New York’s Redistricting Master Holds Key to Congressional Power
- Court-appointed expert has worked as redistricting consultant
- Cervas a “reasonable choice,” Common Cause New York says
(Updates with additional comment.)
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For the next two weeks, one of the most powerful people in politics is a professor whose professional life has been devoted to studying demographics, political behavior, and mapping.
Jonathan Cervas has until May 20 to redraw New York’s congressional and state Senate district lines, translating complex data into maps that will pass constitutional muster and stand for a decade. The stakes are high, and for a little added pressure, this is the first time he’s in charge as the court-appointed special master rather than working as an assistant or consultant.
His choices will steer the Supreme Court in Steuben County as it decides how easy it will be for Republicans to win congressional races in New York, and therefore how likely it will be for the GOP to take control of the U.S. House. The majority party will flip if there’s a net change of five seats out of 435.
“This is a big state to do it for the first time solo,” said Michael Li, senior counsel for the Democracy Program at the Brennan Center for Justice. “It’s really demographically complicated.”
Throughout this redistricting cycle, Democrats counted on New York to offset Republican gerrymanders elsewhere. The state Legislature crafted lines that would have given Democratic candidates an advantage in as many as 22 of the 26 new congressional districts. That is, until the state’s highest court threw out the map and called for a neutral special master to take over.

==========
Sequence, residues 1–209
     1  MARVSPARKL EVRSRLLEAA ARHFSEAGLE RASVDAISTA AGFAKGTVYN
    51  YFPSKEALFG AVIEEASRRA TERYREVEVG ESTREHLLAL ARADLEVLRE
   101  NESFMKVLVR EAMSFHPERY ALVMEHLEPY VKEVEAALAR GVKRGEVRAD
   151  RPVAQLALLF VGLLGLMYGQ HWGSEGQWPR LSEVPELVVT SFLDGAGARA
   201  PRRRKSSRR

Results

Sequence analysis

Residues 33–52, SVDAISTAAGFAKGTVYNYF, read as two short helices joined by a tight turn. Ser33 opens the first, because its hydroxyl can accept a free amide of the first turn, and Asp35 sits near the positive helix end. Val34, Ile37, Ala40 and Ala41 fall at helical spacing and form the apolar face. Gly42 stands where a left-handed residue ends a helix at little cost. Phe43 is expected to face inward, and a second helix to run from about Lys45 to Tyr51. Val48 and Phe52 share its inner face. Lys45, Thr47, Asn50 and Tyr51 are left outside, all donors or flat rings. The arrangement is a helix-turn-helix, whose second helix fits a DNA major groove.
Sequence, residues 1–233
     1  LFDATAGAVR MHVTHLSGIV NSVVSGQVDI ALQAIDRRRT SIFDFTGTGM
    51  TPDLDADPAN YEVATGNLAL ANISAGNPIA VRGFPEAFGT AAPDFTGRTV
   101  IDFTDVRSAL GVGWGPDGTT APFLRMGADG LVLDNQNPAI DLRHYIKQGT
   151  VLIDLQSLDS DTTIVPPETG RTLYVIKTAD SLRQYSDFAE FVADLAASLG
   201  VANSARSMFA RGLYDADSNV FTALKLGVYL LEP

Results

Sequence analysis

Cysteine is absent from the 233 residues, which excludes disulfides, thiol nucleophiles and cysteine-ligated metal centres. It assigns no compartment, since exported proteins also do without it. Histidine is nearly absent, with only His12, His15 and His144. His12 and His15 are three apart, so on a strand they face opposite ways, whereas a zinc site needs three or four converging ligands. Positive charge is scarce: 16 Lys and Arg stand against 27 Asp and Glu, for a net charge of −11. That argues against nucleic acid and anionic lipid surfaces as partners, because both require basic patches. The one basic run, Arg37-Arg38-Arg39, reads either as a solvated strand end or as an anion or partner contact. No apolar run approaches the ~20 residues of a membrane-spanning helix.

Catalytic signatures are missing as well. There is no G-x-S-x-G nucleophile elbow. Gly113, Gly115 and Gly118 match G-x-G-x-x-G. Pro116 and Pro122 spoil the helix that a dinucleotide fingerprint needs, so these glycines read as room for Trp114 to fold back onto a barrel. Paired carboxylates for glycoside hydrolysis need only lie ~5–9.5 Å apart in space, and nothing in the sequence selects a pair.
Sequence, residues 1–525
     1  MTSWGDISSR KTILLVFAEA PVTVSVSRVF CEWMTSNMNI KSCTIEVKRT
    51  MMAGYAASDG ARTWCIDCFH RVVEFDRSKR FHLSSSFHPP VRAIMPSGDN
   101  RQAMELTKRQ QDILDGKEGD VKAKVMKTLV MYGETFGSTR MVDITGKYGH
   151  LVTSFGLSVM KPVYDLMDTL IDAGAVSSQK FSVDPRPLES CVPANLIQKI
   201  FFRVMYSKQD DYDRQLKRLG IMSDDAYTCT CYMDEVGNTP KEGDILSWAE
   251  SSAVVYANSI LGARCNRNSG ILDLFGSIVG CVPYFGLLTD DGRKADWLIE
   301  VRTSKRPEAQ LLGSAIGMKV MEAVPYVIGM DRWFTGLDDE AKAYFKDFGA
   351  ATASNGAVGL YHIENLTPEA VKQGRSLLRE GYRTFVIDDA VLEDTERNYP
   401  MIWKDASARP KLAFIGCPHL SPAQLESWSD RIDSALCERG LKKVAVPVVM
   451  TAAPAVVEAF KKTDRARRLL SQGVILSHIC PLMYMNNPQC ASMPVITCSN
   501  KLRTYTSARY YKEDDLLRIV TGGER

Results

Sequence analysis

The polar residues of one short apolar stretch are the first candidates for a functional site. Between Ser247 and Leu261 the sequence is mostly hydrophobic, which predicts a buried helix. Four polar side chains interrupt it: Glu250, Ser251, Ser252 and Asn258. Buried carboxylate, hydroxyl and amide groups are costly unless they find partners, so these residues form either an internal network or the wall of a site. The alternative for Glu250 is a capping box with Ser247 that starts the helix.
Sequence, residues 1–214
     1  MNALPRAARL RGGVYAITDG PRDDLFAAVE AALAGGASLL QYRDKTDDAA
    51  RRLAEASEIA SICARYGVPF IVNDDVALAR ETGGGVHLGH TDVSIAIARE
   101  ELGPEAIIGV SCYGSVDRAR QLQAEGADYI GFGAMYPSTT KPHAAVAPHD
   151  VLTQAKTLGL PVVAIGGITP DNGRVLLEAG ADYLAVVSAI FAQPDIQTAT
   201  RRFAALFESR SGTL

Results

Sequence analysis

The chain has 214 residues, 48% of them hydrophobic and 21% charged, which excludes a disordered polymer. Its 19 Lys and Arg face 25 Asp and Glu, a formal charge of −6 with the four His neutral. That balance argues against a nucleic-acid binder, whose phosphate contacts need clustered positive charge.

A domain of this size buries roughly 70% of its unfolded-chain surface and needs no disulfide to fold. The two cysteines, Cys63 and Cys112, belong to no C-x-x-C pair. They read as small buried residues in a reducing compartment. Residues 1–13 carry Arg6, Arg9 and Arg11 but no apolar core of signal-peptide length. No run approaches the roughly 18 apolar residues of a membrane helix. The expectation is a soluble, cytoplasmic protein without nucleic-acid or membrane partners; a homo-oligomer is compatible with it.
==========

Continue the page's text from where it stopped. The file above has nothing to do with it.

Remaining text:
Cervas, 37, who has worked on line-redrawing cases in Utah, Georgia, Virginia, and Pennsylvania, got the job.
“My experience has prepared me well for this job, and the court has confidence in my resume,” Cervas said in an emailed statement.
In his public debut on May 6 as head of the team he put together for New York, Cervas appeared to listen intently as members of the public and attorneys for the governor and Democratic majority leaders laid out their views in a public hearing along with presentations in which the Republicans who brought the initial case described their redistricting wish lists.
He offered no indication about his views on what was said.
Susan Lerner, executive director of Common Cause New York, said she would have preferred a citizens commission over a special master. Despite that, “the background of this particular special master, his experience in other states indicates that we think he is a reasonable choice,” she said.
A native of Pittsburgh, Pa., Cervas is a postdoctoral fellow at the Carnegie Mellon University Institute for Politics and Strategy, where this fall he’ll teach a graduate seminar on American political institutions and behavior. He has done research on the Electoral College, given talks on gerrymandering, and has been an assistant to redistricting guru Bernard Grofman at the University of California, Irvine.
Grofman, who’s well-known in redistricting circles, declined to comment on Cervas, saying he had spoken with the judge in the case, and “might become a consultant of some type.”
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New York Law School’s Jeffrey M. Wice, who knows Cervas through his participation in National Conference of State Legislatures panels, described the New York special master as unbiased.